Bowers & Wilkins P5 Series 2 measurements can be found by clicking this link.
Bowers & Wilkins continues to be one of the most popular manufacturers among audiophiles. Mere mention of the name makes me think of hi-fi icons like their Nautilus loudspeaker, and the Nautilus 801 and 802. These speakers were far ahead of their time for their build quality, materials used, and acoustical engineering. Somewhere along the way, B&W made the leap from a pure hi-fi firm to a premium audio company, likely with its introduction of the Zeppelin iPod dock. Since then they’ve moved from strength to strength, offering a variety of wireless speakers, as well as a full range of earphones and headphones. The subjects of discussion here, the P5 Series 2 headphones ($299 USD), are a perfect marriage of old-school hi-fi and class-leading industrial design.
Pax Americana/Blue Note B002263402
In an earlier, less-cluttered musical era, Ryan Adams would be a much bigger star. He has the charisma and the songwriting chops of Bruce Springsteen and Tom Petty, but, at 40, he is a generation younger and remains a cult favorite -- far from a household name (except, perhaps, for those who confuse him with Bryan Adams). In some quarters, he is best known as the romantic partner of quirky women like indie-film diva Parker Posey and actress-singer Mandy Moore.
A Film Noir with Redemption
The Criterion Collection 750
We usually associate films noirs with urban locations -- cities with streets that glisten in the rain, tall buildings casting long shadows. But, as film historian Imogen Sara Smith, author of In Lonely Places: Film Noir Beyond the City, points out in an enthusiastic interview on this Criterion Collection edition of Robert Montgomery’s Ride the Pink Horse (1947), that’s not always the case.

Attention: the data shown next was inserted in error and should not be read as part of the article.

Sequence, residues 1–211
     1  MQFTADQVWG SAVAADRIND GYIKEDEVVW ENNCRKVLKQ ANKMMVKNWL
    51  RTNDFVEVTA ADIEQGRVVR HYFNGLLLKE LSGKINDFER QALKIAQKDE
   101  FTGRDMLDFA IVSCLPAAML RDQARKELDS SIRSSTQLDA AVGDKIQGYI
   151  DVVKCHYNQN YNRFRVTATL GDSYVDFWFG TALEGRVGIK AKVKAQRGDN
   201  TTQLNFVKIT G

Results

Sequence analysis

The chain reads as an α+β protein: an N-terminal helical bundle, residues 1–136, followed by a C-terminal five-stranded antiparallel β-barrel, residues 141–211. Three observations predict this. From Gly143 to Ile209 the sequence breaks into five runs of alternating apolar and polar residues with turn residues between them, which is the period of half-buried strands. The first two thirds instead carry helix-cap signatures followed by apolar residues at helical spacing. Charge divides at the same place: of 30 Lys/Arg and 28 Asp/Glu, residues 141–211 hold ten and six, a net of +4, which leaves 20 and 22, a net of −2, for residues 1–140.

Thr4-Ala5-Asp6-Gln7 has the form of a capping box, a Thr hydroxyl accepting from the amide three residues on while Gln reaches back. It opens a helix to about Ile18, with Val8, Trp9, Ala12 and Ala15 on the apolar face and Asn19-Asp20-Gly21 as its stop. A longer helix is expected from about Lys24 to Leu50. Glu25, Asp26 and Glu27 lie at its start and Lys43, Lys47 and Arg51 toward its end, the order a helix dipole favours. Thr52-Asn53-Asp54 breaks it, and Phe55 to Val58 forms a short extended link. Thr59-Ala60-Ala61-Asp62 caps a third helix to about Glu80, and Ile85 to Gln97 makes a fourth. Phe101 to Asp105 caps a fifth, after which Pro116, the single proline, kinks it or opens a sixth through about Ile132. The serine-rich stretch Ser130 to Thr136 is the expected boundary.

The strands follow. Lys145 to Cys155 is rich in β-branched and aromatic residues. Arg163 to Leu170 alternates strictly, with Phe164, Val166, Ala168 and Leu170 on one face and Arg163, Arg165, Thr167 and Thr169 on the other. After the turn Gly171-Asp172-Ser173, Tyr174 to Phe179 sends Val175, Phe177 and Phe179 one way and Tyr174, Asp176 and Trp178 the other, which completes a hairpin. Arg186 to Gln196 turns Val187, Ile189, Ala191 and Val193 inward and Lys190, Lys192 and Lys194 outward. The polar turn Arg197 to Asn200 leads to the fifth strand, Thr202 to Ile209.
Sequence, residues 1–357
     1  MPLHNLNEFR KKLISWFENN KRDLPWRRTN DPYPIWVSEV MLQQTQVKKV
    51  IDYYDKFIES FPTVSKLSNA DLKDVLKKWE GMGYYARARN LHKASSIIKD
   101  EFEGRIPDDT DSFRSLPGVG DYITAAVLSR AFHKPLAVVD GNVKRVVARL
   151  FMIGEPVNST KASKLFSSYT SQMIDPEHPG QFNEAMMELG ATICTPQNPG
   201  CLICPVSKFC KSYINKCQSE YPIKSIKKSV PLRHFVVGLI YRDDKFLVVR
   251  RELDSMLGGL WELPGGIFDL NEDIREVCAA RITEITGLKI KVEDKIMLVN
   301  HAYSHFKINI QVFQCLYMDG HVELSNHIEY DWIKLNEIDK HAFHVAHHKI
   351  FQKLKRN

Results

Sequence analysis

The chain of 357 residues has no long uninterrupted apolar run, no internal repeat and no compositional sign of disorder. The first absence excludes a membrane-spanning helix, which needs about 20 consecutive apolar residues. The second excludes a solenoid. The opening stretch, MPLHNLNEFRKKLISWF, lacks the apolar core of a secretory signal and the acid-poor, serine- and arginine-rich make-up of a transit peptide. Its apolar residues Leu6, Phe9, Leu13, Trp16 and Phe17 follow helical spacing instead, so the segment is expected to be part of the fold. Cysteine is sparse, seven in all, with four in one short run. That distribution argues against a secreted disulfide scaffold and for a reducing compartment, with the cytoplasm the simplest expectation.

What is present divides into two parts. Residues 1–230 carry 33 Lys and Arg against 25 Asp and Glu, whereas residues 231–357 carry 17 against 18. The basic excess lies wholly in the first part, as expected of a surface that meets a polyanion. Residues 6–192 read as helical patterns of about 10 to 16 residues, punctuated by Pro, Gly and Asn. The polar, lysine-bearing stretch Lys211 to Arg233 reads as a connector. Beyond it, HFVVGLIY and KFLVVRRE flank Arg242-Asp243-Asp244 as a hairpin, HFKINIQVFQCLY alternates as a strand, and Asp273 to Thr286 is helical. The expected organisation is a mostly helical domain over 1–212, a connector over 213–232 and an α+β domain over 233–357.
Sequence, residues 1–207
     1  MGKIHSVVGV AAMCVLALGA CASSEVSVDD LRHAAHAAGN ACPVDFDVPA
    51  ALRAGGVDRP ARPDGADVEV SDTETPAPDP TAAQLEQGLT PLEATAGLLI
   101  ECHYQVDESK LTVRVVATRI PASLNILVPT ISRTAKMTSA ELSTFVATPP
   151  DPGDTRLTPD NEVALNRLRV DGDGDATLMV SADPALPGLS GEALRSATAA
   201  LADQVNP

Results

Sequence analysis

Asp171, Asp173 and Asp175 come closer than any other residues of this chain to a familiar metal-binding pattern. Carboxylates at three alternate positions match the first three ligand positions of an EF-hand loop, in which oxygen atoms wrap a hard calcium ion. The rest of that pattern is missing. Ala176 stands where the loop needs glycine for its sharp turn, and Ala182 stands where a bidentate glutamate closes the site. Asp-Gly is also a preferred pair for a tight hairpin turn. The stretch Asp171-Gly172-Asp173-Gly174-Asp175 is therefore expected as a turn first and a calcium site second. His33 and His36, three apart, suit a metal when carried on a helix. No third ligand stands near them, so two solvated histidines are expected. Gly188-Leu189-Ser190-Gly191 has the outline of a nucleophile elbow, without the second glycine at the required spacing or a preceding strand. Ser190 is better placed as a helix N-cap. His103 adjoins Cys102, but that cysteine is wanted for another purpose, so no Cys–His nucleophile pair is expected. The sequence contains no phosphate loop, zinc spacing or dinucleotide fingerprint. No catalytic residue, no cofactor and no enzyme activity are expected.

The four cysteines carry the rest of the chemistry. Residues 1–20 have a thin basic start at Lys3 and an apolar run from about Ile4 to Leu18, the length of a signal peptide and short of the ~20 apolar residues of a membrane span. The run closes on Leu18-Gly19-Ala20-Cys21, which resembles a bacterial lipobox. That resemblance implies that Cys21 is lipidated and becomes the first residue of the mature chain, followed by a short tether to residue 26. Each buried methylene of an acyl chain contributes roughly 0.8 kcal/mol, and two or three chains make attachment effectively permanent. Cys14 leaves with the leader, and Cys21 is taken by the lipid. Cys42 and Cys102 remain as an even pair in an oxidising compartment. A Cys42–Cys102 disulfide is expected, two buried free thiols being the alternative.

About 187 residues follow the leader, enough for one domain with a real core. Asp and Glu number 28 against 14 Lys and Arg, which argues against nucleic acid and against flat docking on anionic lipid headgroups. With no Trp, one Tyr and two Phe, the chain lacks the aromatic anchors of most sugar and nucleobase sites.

In a recent column, I complained about the rapid growth in the number of lookalike headphone amps that are little more than a DAC-amp chip stuffed into an extruded-aluminum box. The Aurender Flow ($1295 USD) is the exact opposite: a product that represents a major rethinking of what people -- specifically, audiophiles -- need in a headphone amp.
I’m writing this review on a sleek, highly portable Hewlett-Packard Spectre laptop equipped with a modestly sized solid-state drive (SSD) that makes me wish I’d spent the money on a bigger drive. Despite my efforts to move my storage-intensive audio and video files to an external drive, my SSD has just 2.2 gigabytes of space left. Yet thanks to the Flow, I can now use this overstuffed computer to access my entire collection of digital music files, and I can add more music without worrying I’ll run out of space.
Nonesuch Records 2-548243
Close harmony lives at the heart of rural American music, a reflection of the fact that, in its early years, it was frequently created by family members or friends -- as much self-entertainment as anything meant to share with others.
A YouTube video I recently watched got me thinking more deeply about my work than I have in a while. No, it wasn’t a video by some great audio scientist or famed writer or philosopher of aesthetics. It was a program from VH1 Classic’s series Rock Icons 2015, featuring none other than Officer of the Order of Canada (and Rush bassist and singer) Geddy Lee -- and he wasn’t even talking about sound.